Morbidity and Mortality Associated with PM10 Components in Anchorage (2001)

Mary Ellen Gordian, MD, MPH


The specific aim of this research proposal is to investigate morbidity and mortality associated with the fine and coarse fractions of PM10 particulate air pollution, and of ambient carbon monoxide in Anchorage, Alaska, where the coarse fraction of PM10 is the dominant fraction. The proposal consists of three projects.


  • Investigate the association between daily outpatient visits and changes in PM10 , PM2.5, and ambient CO adjusted for meteorologic conditions.
  • Quantify the temporal association between hospital admissions for respiratory or cardiovascular illness and daily measurements of PM10 , PM2.5, and ambient CO adjusted for meteorologic conditions.
  • Quantify the associations between daily mortality and daily PM10 pollution for the 10-year period 1986-1996 using mortality records.


Epidemiologic studies to date have shown significant associations with ambient PM10 concentrations and acute health endpoints measured either in terms of daily mortality, hospital admissions or emergency room visits. Because of lack of historic fine particle (PM2.5) or coarse particle (PM2.5-10) measurements, these studies could not directly test which component of PM10 contributes most to the inferred health effects relationships.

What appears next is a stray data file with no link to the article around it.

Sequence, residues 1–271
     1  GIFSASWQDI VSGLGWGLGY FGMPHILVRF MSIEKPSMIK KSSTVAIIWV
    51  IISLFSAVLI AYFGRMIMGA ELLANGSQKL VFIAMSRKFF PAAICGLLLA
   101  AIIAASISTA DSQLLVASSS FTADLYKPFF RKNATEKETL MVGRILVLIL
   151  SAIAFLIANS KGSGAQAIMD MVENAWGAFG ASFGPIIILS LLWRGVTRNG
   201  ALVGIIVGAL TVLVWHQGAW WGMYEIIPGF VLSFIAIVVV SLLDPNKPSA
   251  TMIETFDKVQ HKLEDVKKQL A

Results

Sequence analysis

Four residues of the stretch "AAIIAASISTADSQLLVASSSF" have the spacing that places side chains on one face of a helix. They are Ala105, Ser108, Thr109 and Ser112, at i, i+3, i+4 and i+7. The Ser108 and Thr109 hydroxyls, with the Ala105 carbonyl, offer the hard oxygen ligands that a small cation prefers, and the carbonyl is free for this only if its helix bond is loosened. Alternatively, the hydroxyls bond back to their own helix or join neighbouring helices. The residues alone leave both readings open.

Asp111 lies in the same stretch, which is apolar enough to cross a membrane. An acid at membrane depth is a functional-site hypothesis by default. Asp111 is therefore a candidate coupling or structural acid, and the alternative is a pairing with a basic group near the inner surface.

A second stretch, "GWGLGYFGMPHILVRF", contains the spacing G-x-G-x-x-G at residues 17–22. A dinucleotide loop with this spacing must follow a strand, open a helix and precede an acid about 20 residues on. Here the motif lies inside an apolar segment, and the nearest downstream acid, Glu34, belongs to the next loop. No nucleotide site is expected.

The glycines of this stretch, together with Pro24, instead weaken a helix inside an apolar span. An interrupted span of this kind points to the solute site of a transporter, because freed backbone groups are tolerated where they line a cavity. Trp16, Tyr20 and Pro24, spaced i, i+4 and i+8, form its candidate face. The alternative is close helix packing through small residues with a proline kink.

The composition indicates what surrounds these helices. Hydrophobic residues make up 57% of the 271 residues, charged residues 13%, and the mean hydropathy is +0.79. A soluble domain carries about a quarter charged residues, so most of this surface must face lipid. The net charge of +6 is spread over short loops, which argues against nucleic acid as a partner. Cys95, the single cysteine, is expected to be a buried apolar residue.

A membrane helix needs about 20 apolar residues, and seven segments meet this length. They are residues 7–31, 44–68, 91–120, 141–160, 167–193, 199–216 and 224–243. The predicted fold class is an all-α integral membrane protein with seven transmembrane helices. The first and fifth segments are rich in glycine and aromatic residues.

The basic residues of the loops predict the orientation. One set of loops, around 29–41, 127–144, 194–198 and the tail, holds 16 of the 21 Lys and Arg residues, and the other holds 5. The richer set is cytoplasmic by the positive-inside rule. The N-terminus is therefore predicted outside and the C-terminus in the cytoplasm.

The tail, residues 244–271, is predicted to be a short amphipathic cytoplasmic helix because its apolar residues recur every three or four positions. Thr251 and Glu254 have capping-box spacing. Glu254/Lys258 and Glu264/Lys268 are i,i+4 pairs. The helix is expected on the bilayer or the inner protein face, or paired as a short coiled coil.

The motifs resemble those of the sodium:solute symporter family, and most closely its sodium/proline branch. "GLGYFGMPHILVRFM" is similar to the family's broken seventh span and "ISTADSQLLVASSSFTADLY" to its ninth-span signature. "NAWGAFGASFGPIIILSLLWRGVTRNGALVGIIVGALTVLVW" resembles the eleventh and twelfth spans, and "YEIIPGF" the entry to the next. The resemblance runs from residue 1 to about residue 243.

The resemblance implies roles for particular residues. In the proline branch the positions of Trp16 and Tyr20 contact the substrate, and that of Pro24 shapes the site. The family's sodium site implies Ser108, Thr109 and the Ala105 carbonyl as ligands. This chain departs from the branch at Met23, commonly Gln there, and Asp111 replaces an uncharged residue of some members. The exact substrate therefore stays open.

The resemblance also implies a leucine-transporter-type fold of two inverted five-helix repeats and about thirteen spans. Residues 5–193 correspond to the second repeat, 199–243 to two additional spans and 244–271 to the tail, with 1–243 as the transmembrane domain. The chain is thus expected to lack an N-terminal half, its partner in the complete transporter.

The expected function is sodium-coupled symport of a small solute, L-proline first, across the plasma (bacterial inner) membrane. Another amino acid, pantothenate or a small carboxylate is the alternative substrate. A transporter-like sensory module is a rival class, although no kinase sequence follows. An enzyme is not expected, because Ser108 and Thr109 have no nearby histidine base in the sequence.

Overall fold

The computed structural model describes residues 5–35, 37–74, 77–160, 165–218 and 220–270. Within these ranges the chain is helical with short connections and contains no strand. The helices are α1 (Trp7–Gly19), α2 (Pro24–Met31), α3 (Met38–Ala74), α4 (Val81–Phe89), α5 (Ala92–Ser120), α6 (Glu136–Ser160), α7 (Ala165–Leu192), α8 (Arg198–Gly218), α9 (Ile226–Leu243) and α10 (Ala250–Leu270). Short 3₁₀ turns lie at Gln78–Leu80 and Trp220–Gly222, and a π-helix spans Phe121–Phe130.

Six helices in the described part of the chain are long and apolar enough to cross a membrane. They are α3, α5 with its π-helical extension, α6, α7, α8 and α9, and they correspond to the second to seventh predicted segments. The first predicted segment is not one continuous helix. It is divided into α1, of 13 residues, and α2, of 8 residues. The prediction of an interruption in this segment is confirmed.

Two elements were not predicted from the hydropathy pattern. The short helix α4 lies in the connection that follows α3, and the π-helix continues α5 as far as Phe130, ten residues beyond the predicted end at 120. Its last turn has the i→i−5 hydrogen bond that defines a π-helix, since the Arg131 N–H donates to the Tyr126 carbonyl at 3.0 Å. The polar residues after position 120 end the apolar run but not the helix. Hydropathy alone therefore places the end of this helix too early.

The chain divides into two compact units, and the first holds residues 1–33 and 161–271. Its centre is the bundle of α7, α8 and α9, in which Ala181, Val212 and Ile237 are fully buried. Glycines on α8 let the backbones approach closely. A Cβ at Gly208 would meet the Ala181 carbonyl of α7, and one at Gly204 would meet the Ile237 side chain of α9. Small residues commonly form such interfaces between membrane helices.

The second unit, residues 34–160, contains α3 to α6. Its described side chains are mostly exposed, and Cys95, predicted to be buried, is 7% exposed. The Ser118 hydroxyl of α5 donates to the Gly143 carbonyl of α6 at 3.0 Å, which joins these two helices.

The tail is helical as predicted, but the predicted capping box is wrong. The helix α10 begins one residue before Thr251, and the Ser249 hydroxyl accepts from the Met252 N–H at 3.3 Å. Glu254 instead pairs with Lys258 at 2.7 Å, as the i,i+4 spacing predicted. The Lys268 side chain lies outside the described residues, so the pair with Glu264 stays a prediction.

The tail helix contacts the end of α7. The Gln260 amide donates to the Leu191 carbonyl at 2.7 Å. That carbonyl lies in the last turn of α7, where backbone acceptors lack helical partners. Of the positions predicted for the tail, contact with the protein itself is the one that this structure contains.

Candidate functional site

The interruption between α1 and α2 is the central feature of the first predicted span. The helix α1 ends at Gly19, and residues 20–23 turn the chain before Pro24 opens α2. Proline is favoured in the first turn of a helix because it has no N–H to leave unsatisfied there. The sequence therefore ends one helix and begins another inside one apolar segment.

Dicot measurements of PM2.5/PM10 taken during the last two years at the same site in Anchorage, Alaska, showed a high correlation of PM10 with the coarse fraction, while PM2.5 has a low correlation with PM10 . The consistency of the magnitude of the effect of particulate concentration on mortality and morbidity is striking considering the variations in the physico-chemical properties of particulates across studies reported. An Anchorage study done in 1995 by the same researchers showed that Anchorage PM10 had morbidity effects similar to what has been shown in other areas. This study will look at both outpatient visits for a healthy working population, hospital admissions, and mortality. Because the specific fraction of the PM10 that causes health effects is a major concern, the proposed study will address key issues facing EPA, DOE and industry during the ongoing revision of the PM10 standard.